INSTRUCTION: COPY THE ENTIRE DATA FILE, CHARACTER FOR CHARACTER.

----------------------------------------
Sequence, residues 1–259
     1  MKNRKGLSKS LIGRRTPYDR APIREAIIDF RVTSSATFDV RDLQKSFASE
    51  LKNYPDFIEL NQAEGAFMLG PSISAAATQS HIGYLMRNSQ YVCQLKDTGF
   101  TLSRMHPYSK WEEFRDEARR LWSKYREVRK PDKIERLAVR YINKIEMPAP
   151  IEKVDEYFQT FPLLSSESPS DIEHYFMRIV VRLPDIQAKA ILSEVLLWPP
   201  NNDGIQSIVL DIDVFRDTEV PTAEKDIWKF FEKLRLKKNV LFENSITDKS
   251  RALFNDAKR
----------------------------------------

Sequence, residues 1–259
     1  MKNRKGLSKS LIGRRTPYDR APIREAIIDF RVTSSATFDV RDLQKSFASE
    51  LKNYPDFIEL NQAEGAFMLG PSISAAATQS HIGYLMRNSQ YVCQLKDTGF
   101  TLSRMHPYSK WEEFRDEARR LWSKYREVRK PDKIERLAVR YINKIEMPAP
   151  IEKVDEYFQT FPLLSSESPS DIEHYFMRIV VRLPDIQAKA ILSEVLLWPP
   201  NNDGIQSIVL DIDVFRDTEV PTAEKDIWKF FEKLRLKKNV LFENSITDKS
   251  RALFNDAKR